The posture of the case on submission of the plan was that the District Court had dismissed the complaint in the interim between our granting emergency relief and when the hearing on the plan was proposed. However, the prior order of the court requiring the submission of a plan by the school board was preserved in the order of dismissal pending an appeal of the order of dismissal. Notice of appeal from the refusal of the court to approve or disapprove the plan was filed. Notice of appeal had previously been filed from the order denying the preliminary injunction. No appeal was taken from the order thereafter dismissing the complaint.

Appellants contend that they were entitled to the preliminary injunction sought in the first instance, and that the board should have been required to submit a plan of desegregation encompassing transfers in all grades on some reasonable non-racial basis; with students entering the system for the first time to be assigned without regard to race; and with school zone lines being drawn on a non-racial basis as to the first four grades in September, 1964 and as to at least two grades per year thereafter.

The school board takes the position that the case is moot because no appeal was taken from the order dismissing the complaint; and asserts that there was no error in denying the injunction sought because the school board had made a good faith start toward desegregation. It is also urged that the sufficiency of the plan as submitted to the District Court is not now before this court for consideration.

The intervenors seek to support the findings and conclusion of the District Court that the evidence warranted the prior classification of the schools which only incidentally had been on the basis of race.

In the Glynn County case we have the situation of the District Court having enjoined the school board from effecting a voluntary plan of desegregation relative to the eleventh and twelfth grades to begin in September, 1963 in the only white high school. This suit was commenced by white parents individually and on behalf of their minor children after the school board had announced that the transfer applications of the six minor Negro intervenors would be granted. It was alleged that desegregation of the school would be detrimental to both races, and the prayer, as was that of the intervenors in the Savannah case, was for an injunction against the operation of a "compulsory racially integrated school system",2 or in the alternative, that the school system be reorganized into a tertiary system, i. e., some schools for white, others for Negroes, and others for whites and Negroes with attendance being based on choice.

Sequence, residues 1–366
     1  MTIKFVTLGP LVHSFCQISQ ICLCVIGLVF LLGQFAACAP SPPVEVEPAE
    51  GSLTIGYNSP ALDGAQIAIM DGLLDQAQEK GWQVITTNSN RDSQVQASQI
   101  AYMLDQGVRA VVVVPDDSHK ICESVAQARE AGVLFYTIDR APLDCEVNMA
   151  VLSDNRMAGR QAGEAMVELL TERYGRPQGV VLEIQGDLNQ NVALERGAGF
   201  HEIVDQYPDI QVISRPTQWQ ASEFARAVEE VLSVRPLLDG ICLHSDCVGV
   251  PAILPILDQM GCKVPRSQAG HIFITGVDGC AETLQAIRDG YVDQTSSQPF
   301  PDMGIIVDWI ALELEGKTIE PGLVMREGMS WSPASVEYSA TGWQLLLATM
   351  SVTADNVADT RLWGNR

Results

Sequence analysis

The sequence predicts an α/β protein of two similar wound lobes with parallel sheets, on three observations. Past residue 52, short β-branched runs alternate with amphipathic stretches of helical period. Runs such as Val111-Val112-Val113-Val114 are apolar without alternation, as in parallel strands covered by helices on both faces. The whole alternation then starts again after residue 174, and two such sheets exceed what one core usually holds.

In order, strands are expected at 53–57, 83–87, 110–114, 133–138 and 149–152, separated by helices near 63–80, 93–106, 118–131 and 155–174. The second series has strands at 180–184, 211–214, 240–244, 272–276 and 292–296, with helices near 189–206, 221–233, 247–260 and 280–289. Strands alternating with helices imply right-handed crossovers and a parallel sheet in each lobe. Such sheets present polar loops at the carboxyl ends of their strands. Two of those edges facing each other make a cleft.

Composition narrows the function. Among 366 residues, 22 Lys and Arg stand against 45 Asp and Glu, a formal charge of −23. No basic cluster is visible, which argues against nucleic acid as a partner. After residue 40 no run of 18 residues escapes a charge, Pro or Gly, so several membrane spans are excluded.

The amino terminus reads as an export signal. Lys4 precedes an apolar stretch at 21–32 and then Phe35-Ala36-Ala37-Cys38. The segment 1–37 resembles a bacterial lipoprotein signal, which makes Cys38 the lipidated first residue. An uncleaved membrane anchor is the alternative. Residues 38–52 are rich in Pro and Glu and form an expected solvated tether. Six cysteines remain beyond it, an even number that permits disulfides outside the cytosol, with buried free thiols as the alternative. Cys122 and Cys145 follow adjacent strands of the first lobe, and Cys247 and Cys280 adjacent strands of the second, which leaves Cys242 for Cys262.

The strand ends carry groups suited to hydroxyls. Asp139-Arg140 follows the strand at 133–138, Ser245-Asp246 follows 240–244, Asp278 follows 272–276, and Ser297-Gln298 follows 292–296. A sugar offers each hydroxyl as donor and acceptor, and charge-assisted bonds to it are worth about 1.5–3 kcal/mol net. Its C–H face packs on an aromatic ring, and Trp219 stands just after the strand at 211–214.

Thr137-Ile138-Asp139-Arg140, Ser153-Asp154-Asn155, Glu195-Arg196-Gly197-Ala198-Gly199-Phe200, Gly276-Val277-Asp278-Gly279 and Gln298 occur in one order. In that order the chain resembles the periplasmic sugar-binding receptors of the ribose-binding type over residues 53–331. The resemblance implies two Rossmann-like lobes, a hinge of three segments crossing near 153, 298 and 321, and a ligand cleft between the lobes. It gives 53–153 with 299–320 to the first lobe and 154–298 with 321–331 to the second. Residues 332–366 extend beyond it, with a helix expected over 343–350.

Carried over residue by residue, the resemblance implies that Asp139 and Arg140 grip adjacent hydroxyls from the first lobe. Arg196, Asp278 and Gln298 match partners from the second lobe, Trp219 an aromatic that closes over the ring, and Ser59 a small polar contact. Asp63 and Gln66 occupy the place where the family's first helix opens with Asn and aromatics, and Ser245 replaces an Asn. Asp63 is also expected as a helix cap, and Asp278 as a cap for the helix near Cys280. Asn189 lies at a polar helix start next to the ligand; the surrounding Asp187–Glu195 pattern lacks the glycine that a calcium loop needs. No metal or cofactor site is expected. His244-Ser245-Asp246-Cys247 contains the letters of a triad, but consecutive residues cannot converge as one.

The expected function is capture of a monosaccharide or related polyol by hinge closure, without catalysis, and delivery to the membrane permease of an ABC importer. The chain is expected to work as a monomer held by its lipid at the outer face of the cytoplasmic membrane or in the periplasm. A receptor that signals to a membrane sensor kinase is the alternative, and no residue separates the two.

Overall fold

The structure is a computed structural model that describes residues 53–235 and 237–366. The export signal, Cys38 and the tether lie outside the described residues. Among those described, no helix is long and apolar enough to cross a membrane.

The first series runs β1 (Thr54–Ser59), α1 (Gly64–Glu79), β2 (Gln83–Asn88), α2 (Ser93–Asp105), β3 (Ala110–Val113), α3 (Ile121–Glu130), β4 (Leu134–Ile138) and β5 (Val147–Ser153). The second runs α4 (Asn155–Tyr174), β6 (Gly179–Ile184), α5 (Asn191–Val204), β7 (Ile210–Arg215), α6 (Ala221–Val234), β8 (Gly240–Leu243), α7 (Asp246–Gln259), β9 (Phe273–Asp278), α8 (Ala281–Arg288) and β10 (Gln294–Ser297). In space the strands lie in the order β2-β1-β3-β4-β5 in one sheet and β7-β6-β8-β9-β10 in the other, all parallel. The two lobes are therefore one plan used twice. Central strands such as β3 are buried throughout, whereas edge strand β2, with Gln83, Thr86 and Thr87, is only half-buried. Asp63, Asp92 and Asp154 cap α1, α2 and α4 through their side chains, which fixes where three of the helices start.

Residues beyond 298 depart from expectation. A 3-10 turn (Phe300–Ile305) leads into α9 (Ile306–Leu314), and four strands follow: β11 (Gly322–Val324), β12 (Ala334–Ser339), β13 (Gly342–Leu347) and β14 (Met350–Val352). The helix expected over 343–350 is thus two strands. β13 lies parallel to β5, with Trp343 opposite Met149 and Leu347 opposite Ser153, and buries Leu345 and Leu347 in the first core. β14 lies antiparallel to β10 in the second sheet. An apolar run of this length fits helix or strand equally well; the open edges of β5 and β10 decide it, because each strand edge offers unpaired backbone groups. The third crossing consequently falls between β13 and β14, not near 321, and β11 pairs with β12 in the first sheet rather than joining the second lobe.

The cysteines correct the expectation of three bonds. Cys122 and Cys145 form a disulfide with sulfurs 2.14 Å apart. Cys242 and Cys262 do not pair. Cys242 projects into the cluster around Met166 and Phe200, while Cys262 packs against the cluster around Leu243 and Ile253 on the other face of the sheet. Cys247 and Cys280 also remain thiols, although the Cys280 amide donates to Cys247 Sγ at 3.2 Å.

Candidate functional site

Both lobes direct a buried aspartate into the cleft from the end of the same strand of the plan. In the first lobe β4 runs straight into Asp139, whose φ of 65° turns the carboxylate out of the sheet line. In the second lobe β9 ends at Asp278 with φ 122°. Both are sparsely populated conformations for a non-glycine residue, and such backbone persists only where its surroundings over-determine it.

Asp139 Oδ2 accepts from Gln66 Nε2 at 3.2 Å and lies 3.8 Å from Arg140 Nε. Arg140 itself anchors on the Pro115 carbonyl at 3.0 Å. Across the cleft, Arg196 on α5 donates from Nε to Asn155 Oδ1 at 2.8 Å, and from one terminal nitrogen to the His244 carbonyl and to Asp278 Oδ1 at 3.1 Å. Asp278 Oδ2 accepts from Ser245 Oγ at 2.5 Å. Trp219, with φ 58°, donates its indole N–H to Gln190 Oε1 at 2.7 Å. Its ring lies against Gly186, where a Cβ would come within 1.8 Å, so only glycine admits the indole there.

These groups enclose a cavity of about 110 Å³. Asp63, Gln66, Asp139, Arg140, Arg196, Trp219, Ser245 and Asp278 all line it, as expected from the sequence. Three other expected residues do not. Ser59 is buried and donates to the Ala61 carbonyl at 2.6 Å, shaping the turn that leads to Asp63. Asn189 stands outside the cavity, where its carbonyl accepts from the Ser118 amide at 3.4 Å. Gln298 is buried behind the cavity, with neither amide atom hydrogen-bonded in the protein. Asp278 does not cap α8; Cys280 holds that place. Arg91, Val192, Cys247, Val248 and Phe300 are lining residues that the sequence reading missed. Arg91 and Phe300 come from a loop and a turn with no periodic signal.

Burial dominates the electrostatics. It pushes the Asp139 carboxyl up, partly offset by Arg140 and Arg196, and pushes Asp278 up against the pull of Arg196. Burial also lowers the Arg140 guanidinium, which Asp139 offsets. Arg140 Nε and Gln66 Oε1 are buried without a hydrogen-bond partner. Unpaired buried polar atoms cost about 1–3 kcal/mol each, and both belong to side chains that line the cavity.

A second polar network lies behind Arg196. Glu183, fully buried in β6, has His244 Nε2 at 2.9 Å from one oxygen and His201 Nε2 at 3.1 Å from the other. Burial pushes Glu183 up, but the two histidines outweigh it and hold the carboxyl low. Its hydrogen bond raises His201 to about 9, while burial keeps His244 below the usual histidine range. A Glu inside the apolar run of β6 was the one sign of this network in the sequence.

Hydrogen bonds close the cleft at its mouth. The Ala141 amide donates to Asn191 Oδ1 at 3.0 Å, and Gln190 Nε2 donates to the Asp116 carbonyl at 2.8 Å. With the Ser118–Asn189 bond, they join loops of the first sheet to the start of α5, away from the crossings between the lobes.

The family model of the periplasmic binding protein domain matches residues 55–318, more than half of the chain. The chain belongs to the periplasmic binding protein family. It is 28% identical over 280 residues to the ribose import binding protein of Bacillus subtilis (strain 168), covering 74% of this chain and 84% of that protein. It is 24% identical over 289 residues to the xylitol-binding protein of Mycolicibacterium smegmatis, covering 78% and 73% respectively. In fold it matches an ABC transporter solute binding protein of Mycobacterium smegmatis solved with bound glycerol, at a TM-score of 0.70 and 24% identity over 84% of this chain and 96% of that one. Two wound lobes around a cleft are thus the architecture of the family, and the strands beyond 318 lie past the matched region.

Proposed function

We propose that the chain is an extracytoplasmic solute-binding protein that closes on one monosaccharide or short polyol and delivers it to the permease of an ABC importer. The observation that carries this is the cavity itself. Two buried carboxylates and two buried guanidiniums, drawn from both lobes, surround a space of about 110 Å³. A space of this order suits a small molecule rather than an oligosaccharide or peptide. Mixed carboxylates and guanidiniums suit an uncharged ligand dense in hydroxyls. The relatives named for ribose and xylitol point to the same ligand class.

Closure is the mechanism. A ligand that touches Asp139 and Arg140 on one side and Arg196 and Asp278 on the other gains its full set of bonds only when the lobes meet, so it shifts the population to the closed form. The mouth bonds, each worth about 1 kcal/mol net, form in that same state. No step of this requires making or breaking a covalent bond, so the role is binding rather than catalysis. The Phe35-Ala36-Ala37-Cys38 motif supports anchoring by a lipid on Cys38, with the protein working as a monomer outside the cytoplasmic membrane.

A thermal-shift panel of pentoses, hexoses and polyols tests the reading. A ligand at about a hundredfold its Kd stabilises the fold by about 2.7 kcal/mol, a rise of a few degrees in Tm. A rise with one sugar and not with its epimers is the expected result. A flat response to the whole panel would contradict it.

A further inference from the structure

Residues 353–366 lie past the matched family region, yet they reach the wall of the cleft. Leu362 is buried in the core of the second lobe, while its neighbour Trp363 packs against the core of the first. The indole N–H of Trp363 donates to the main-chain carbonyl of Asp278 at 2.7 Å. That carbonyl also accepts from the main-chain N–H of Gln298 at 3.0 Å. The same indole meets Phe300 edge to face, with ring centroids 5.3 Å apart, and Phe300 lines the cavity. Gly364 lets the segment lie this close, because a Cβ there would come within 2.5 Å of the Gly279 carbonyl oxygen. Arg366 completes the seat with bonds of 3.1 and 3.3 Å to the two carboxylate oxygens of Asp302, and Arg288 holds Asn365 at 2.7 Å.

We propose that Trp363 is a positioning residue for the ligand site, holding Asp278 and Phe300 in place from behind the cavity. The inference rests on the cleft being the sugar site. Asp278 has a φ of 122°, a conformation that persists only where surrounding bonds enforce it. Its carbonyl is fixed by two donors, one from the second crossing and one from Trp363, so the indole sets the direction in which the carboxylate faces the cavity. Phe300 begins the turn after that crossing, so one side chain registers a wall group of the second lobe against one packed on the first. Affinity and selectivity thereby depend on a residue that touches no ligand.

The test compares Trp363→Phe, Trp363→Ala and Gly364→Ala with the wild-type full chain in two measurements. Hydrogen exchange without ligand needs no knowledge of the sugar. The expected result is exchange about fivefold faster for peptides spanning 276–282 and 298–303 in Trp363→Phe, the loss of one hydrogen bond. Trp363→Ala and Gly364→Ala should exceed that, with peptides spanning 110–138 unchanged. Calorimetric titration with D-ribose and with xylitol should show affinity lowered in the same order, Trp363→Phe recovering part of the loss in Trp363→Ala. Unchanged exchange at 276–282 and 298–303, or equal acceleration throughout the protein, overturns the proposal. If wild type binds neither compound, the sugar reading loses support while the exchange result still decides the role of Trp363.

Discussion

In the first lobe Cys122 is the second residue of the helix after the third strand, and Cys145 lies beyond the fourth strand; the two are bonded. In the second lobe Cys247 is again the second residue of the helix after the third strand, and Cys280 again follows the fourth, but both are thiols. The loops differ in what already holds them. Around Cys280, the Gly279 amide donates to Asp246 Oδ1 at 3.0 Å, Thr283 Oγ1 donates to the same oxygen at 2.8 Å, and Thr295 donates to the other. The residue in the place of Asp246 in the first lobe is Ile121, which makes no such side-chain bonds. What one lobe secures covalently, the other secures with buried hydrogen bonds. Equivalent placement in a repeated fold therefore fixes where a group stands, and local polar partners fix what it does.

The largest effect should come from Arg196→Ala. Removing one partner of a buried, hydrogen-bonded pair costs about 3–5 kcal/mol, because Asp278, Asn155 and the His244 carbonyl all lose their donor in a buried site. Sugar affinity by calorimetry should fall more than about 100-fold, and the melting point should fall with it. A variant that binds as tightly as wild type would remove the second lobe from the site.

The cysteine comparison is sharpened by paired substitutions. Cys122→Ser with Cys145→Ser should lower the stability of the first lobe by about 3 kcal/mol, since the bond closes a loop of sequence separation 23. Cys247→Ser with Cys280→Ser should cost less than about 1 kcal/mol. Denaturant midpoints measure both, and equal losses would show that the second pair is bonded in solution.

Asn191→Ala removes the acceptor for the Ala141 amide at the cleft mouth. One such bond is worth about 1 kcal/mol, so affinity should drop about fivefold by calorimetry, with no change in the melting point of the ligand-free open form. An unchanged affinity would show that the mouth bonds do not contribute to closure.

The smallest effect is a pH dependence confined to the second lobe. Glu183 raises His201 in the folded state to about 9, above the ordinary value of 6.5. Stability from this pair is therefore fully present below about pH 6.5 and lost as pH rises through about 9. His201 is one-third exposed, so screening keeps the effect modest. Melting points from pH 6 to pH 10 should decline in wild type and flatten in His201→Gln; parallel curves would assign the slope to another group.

The Negro students who had been accepted for transfer were permitted to intervene. They sought the dissolution of the temporary restraining order against desegregation, and the entry of one on their behalf to the end that the school board be required to submit a plan for the reorganization of the entire school system on a non-racial basis. Their motion for preliminary injunction is still pending.